At is stage, it is important to emphasize that the running of NUGS was conventionally the prerogative of the University of Ghana at Legon with University of Science & Tech and Cape Coast University playing Secondary roles to leadership until 1962. Dr. Nkrumah realizing that the "imperialist agents" were still in charge of University Education and Student (youth) activism and therefore promoted the two universities and improved upon their facilities for KNUST for example, to become the most endowed Science & Technology institution in Africa.

These developments and the consolidation of C.P.P. activities on the various campuses plus the orientation programmes that all students entering Universities had to take upon admission into our universities gave birth to the rotational leadership style adopted by NUGS.

NUGS and Politics

We need not be shy in the face of overwhelming evidence. In fact, the National Union of Ghana Students is political institution and has a clear political orientation. It its preamble its position is established as 'a progressive organization' revealing its tilt to the left thereby emphasizing the need to continuously seek the welfare and independence of others, creating a just society and working towards continental unity. I have heard about the blaming of political parties or state institutions for the problems of the union especially in the past year.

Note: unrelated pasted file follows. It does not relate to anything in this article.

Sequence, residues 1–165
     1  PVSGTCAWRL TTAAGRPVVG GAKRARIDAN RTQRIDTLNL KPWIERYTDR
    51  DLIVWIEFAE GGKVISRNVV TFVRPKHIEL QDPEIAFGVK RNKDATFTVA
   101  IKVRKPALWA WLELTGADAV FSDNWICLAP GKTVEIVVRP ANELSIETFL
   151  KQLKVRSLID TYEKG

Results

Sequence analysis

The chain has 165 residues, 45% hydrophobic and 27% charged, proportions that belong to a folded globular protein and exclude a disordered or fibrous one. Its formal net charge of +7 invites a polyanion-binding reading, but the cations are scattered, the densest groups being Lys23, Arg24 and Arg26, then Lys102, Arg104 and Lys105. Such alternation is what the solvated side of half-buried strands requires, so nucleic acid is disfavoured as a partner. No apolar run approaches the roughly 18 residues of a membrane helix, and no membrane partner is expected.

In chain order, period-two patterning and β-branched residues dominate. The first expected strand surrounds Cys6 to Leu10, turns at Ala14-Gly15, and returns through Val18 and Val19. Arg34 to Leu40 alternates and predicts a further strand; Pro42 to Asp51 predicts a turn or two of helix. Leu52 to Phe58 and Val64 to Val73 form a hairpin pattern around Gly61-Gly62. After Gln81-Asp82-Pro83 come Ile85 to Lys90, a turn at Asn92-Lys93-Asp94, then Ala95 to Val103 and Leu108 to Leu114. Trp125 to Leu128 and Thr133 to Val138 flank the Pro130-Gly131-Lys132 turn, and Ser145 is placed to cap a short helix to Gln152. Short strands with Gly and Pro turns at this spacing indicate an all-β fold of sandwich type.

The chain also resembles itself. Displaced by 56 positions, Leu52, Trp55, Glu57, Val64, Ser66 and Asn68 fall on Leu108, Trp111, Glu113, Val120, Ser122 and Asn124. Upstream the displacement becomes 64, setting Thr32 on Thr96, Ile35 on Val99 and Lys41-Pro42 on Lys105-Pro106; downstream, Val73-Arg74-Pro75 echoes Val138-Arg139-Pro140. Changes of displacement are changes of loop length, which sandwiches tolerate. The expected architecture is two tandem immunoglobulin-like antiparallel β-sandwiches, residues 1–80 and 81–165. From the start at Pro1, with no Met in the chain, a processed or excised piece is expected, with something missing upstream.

Here again, I wish to go down the memory lane. No serious state institution, political party or private agency would dare to be at loggerheads with the student front if they really appreciate what the student force is capable of doing. Remember, all serious changes in the world succeeded because the rode on the wings of students and the youth. So yes, political parties have and will always be interested students leadership.

If my party happens to win elections which I believe it surely will soon, the student wing shall be a priority area. Let us ask ourselves whether the Tertiary wings of the political parties are formed for the mere fact having them exist just in names and nothing else. The tertiary wings constitute mainly the foot soldiers of any serious political party. May be a few examples to stress the might of students will help;